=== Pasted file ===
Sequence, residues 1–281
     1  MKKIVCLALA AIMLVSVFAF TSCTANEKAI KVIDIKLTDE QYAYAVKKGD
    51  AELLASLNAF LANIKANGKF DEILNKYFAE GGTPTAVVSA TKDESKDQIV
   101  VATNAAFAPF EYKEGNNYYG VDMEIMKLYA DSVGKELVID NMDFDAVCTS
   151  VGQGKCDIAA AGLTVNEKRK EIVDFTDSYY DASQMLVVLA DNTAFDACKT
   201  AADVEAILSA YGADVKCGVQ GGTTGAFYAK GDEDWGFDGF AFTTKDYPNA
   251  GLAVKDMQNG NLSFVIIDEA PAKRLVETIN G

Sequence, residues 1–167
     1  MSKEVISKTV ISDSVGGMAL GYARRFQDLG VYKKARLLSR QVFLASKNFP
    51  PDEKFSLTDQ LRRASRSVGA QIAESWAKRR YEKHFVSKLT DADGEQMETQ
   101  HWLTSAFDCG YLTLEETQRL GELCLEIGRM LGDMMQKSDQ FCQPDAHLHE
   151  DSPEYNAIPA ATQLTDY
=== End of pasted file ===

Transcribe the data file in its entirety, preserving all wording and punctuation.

Sequence, residues 1–281
     1  MKKIVCLALA AIMLVSVFAF TSCTANEKAI KVIDIKLTDE QYAYAVKKGD
    51  AELLASLNAF LANIKANGKF DEILNKYFAE GGTPTAVVSA TKDESKDQIV
   101  VATNAAFAPF EYKEGNNYYG VDMEIMKLYA DSVGKELVID NMDFDAVCTS
   151  VGQGKCDIAA AGLTVNEKRK EIVDFTDSYY DASQMLVVLA DNTAFDACKT
   201  AADVEAILSA YGADVKCGVQ GGTTGAFYAK GDEDWGFDGF AFTTKDYPNA
   251  GLAVKDMQNG NLSFVIIDEA PAKRLVETIN G

Sequence, residues 1–167
     1  MSKEVISKTV ISDSVGGMAL GYARRFQDLG VYKKARLLSR QVFLASKNFP
    51  PDEKFSLTDQ LRRASRSVGA QIAESWAKRR YEKHFVSKLT DADGEQMETQ
   101  HWLTSAFDCG YLTLEETQRL GELCLEIGRM LGDMMQKSDQ FCQPDAHLHE
   151  DSPEYNAIPA ATQLTDY